Immigration reform, offshore oil drilling, LGBT rights and even the types of cars they arrived in became topics of discussion for the 24th Congressional District candidates Thursday night at Cuesta College, as each tried to differentiate themselves from their opponents in their fourth debate of the election.
Nine people are running for the seat being vacated in January by outgoing nine-term Democratic U.S. Rep. Lois Capps. The four Democrats, three Republicans and two independents in the race mirror the political diversity of the district since boundaries were redrawn in 2010.
Capps has long enjoyed a Democratic majority in the district, which covers all of San Luis Obispo and Santa Barbara counties as well as a small slice of Ventura County. But the district is now more competitive with registered Democrats outnumbering Republicans by a slim 37 to 33 percent. Independent and decline-to-state voters account for about 23 percent.
The two candidates with the most votes in the June 7 primary, regardless of political party, will move on to the general election on Nov. 8.
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As one audience member at Thursday night’s forum mused: “This is gonna be interesting, whatever happens in June.”
The forum was moderated by Brad Pomerance, anchor of Charter Communications’ California Edition, and featured 14 questions submitted in advance by Cuesta College students as well as questions posed live via Pomerance’s Twitter page.
With each candidate given a minute to respond and with some questions presented in a yes or no format, the forum moved at a rapid pace. Here’s a look at some of the key issues addressed:
Offshore oil drilling
In a question submitted by a student, candidates were asked if they would support further local offshore oil drilling in light of the onshore leak of 101,000 gallons of oil from a pipeline owned by Plains All American Pipeline in Refugio Beach in May 2015.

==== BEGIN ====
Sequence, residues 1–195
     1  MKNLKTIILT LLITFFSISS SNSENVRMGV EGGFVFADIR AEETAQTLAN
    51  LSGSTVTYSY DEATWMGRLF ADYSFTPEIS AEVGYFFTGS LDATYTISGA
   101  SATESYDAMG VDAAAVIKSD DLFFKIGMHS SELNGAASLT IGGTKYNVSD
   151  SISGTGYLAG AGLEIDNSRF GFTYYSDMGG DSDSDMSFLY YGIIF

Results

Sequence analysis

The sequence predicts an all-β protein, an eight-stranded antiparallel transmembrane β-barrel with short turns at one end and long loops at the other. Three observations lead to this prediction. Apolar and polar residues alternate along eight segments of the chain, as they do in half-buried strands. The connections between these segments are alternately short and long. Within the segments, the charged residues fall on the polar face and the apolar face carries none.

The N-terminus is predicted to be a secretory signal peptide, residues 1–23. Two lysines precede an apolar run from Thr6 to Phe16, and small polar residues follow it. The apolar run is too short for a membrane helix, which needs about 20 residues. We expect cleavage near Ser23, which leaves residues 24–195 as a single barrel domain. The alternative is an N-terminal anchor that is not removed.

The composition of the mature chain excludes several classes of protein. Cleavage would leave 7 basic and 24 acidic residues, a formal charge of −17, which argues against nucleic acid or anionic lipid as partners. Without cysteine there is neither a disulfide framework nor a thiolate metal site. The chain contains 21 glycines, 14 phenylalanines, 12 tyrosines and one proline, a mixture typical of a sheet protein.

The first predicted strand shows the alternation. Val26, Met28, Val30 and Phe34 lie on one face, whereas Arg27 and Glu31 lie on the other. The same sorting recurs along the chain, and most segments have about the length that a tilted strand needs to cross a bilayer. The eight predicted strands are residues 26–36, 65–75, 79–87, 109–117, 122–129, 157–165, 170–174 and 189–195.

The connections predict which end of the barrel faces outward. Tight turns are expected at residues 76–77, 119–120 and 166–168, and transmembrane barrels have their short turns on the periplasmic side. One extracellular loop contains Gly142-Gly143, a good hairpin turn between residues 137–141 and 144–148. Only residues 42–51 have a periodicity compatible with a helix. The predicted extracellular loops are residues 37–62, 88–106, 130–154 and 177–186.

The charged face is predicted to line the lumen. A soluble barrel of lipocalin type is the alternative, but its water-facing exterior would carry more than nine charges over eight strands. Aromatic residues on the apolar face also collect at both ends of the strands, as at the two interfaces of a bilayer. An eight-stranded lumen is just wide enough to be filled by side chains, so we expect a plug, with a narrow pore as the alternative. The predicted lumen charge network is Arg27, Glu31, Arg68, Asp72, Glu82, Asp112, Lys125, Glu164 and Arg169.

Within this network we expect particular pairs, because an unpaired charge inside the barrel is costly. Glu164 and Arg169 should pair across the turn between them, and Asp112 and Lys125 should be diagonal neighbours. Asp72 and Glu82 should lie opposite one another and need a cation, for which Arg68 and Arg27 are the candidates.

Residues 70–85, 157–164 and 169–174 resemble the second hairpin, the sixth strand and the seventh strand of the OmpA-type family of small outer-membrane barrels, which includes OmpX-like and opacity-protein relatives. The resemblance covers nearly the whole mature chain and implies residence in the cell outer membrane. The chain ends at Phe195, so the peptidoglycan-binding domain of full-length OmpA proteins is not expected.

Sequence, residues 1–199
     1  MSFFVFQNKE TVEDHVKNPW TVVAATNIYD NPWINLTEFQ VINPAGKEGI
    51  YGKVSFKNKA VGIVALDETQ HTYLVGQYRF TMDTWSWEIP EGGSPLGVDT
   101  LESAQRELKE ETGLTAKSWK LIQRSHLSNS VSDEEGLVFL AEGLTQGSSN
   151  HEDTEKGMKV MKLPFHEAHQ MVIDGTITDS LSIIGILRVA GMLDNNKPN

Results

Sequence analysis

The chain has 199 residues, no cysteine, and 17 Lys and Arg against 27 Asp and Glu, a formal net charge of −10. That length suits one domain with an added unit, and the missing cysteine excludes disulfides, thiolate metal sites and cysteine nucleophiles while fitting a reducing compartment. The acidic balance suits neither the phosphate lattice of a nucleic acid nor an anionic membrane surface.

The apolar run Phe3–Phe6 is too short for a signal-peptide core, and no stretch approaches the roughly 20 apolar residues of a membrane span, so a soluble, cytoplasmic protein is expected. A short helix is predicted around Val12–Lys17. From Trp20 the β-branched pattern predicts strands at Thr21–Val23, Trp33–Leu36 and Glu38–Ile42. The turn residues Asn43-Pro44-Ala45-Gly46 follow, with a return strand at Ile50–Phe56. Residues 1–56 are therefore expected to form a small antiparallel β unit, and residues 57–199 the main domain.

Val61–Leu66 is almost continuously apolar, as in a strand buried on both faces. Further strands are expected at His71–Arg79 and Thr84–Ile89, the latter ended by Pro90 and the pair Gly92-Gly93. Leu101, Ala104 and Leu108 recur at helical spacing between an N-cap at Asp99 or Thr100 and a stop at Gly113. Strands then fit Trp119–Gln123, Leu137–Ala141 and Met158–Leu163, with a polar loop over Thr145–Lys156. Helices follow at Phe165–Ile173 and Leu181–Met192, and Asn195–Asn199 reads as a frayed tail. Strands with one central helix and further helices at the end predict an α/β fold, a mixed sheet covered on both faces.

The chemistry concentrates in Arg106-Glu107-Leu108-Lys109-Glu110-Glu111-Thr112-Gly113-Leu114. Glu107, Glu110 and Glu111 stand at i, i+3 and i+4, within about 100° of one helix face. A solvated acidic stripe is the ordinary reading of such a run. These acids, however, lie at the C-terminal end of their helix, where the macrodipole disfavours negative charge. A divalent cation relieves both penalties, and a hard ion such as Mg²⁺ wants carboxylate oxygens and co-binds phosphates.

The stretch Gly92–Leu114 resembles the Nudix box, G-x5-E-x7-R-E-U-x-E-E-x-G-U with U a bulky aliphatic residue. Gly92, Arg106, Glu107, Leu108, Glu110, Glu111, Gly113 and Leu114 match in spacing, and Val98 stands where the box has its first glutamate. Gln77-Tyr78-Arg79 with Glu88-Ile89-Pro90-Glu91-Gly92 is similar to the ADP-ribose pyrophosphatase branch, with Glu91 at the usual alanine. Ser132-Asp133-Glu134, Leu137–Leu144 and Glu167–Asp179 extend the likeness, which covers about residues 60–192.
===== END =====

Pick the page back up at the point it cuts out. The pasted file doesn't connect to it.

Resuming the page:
Most of the Democrats said they don’t support renewing the leases of current drilling operations off the Santa Barbara coast. Two-term Santa Barbara Mayor Helene Schneider called oversight and maintenance of existing pipelines woefully inadequate and three-term Santa Barbara County Supervisor Salud Carbajal said the perils of oil drilling outweigh the benefits.
Democrat William Ostrander, a San Luis Obispo rancher and founder of the campaign finance reform-focused Citizen’s Congress, called oil a “20th century technology” and said the U.S. should stop subsidizing the oil industry.
Benjamin Lucas, a Democrat from Montecito, however, said he supports offshore drilling and blamed Capps specifically, saying that on her watch, local pipelines have gone without upgrades for some 30 years.
Republican candidates either supported or indicated their support for continued local drilling. Matt Kokkonen, a San Luis Obispo financial planner, said drilling for oil offsets natural underwater seepage. He said drilling has reduced the environmental impact of seepage by 50 percent, citing an unnamed study.
State Assemblyman and former San Luis Obispo County supervisor Katcho Achadjian, who owns several gas stations, said he supports drilling but wants more emphasis placed on pursuing renewable energy sources and related jobs.
Justin Fareed, a Santa Barbara rancher and vice president of his family’s athletics business, would not directly answer the question, saying only that the U.S. oil industry has the latest technology in place to prevent environmental hazards.
The independents were split, with Atascadero engineer Steve Isakson saying he does not support more drilling. Morro Bay statistician John Uebersax, who is running on an anti-war platform, said the U.S. should produce its own oil in order to maintain independence from countries such as Saudi Arabia.